New Delhi: India on Friday strongly protested Pakistan's denial of consular access to Sikh pilgrims visiting two gurdwaras there on the occasion of Gurpurab - the 549th birth anniversary of the founder of Sikhism, Guru Nanak Dev.
"India has today (Friday) lodged a strong protest with the government of Pakistan that despite having been granted prior travel permission by the Ministry of Foreign Affairs of Pakistan, the consular officials of the High Commission of India in Islamabad were harassed and denied access on Thursday and Friday at Gurdwara Nankana Sahib and Gurudwara Sacha Sauda to the Indian pilgrims visiting Pakistan under the Bilateral Protocol," the External Affairs Ministry said in a statement.
"As a result of such harassment, they were compelled to return to Islamabad without performing their diplomatic and consular duties vis-a-vis Indian pilgrims.
"We have shared our grave concern that this is the third consecutive visit of the Indian Sikh pilgrims when Pakistan has prevented the Indian High Commission officials from meeting the visiting Indian nationals on the pretext of security in order to deflect attention from Pakistan's violation of the international legal instruments and conventions like the Vienna Convention on Diplomatic Relations 1961 and the Vienna Convention on Consular Relations 1963."
In April this year and then again in June, Indian High Commissioner to Pakistan Ajay Bisaria and other consular officials were denied access to Sikh pilgrims who were visiting Gurdwara Panja Sahib.
The statement said that this breached the letter and spirit of the 1974 Bilateral Protocol on Visits to Religious Shrines signed by the two countries and the 1992 Code of Conduct for the treatment of diplomatic and consular personnel in India and Pakistan.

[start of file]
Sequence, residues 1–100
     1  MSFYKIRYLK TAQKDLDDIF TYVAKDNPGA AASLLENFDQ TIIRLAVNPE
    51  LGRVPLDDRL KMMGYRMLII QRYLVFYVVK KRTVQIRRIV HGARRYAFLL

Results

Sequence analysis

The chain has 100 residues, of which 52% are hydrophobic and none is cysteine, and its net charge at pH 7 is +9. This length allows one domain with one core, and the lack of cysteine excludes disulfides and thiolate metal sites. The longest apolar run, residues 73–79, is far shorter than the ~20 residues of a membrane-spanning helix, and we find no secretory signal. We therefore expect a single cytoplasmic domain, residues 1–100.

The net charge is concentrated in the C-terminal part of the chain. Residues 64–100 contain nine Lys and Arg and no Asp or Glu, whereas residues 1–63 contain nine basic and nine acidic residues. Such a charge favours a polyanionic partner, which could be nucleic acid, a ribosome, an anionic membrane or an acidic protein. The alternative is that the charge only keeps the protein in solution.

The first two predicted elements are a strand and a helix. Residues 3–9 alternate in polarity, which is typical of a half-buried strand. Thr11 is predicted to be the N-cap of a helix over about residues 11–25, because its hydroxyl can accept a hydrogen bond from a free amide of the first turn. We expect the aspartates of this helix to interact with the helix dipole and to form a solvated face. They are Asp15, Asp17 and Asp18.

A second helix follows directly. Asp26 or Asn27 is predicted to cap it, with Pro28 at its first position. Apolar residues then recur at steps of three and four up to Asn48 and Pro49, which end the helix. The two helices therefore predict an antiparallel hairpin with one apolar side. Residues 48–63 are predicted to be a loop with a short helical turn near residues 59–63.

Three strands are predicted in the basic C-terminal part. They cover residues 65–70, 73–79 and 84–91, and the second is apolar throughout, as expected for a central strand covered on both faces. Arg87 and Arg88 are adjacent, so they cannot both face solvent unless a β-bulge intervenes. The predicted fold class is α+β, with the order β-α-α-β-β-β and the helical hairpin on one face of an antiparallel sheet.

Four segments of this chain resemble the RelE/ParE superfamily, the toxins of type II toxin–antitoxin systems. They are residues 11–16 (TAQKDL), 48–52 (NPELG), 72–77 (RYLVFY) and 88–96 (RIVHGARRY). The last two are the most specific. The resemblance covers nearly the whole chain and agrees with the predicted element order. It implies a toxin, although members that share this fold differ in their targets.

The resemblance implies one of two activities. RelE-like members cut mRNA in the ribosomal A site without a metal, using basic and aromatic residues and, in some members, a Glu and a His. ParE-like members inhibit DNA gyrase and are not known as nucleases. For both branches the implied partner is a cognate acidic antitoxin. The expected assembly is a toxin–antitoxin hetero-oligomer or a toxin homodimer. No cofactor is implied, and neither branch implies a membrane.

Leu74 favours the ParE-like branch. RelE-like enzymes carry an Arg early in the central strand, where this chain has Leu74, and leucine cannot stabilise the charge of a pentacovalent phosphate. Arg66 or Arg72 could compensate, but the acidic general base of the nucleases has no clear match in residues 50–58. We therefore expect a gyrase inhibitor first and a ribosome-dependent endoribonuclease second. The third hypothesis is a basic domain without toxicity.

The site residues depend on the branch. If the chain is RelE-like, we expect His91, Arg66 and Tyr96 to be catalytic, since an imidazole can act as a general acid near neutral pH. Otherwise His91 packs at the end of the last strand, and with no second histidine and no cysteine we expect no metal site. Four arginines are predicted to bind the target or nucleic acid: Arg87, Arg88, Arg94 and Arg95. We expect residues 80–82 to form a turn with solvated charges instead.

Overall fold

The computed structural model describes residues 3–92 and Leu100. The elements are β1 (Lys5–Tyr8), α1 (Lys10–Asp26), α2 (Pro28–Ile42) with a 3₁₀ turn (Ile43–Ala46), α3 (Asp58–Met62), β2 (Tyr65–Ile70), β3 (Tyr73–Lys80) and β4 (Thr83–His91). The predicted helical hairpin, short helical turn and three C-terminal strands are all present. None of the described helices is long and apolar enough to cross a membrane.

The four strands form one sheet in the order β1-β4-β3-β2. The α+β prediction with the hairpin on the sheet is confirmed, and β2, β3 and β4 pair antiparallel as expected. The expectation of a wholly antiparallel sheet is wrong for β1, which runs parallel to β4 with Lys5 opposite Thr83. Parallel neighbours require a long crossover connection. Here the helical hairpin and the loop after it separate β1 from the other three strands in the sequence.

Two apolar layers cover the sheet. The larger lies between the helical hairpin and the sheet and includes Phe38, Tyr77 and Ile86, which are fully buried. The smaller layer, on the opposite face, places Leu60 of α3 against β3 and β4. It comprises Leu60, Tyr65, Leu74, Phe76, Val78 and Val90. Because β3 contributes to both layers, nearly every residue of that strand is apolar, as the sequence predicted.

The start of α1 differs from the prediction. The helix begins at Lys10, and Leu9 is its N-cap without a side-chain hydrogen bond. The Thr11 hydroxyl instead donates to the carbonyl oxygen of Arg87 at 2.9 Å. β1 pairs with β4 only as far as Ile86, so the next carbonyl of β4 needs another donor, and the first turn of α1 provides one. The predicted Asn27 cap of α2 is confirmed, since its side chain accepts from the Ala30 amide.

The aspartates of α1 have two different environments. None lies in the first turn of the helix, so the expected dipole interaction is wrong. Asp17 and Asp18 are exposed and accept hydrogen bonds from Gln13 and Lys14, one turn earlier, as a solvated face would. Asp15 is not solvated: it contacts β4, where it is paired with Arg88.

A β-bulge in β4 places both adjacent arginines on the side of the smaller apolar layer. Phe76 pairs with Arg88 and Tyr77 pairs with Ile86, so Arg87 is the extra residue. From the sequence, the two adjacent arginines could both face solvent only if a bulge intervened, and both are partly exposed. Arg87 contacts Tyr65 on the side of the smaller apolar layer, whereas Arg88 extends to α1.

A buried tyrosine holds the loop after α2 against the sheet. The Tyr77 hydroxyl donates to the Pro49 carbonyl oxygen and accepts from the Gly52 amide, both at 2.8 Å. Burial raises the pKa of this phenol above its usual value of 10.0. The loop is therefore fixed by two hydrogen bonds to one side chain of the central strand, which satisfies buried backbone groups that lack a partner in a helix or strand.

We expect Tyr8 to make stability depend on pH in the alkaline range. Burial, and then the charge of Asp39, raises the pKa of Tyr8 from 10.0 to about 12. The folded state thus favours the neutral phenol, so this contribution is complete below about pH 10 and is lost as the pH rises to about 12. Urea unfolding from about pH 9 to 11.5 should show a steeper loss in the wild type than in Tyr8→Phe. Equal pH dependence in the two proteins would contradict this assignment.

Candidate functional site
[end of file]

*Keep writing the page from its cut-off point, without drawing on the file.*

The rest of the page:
It said that Pakistan's action was in contrast to India's treatment to their High Commissioner and the consular officials in New Delhi who have been provided full access to meet Pakistani pilgrims who are currently in India on a pilgrimage to Kalyar Sharif.
Friday's development comes after India on Thursday decided to build a corridor from Gurdaspur district in Punjab to Kartarpur Sahib in Pakistan ahead of the 550th birth anniversary of Guru Nanak.
Kartarpur Sahib is where Guru Nanak died in 1539.
New Delhi urged Islamabad to build the corridor on their side of the International Border and demanded that Sikh pilgrims should be allowed access throughout the year.
India also called for free and readily available consular access for Indian citizens on the Pakistani side.
According to Friday's Ministry statement, India also "expressed grave concern at the reports of attempts being made during the ongoing visit of the Indian pilgrims to Pakistan, to incite communal disharmony and intolerance and promote secessionist tendencies with the objective of undermining India's sovereignty and territorial integrity".
"Pakistan has been called upon to take all measures to not allow its territory to be used for any hostile propaganda and support for secessionist tendencies against India in keeping with the commitments made under the Simla Agreement, 1972 and endorsed in the Lahore Declaration, 1999.
"Pakistan has been reminded that such actions are not in consonance with the stated intentions of Pakistan to facilitate the visits of Indian Sikh pilgrims, especially as we commemorate the 550th birth anniversary of Guru Nanak Devji."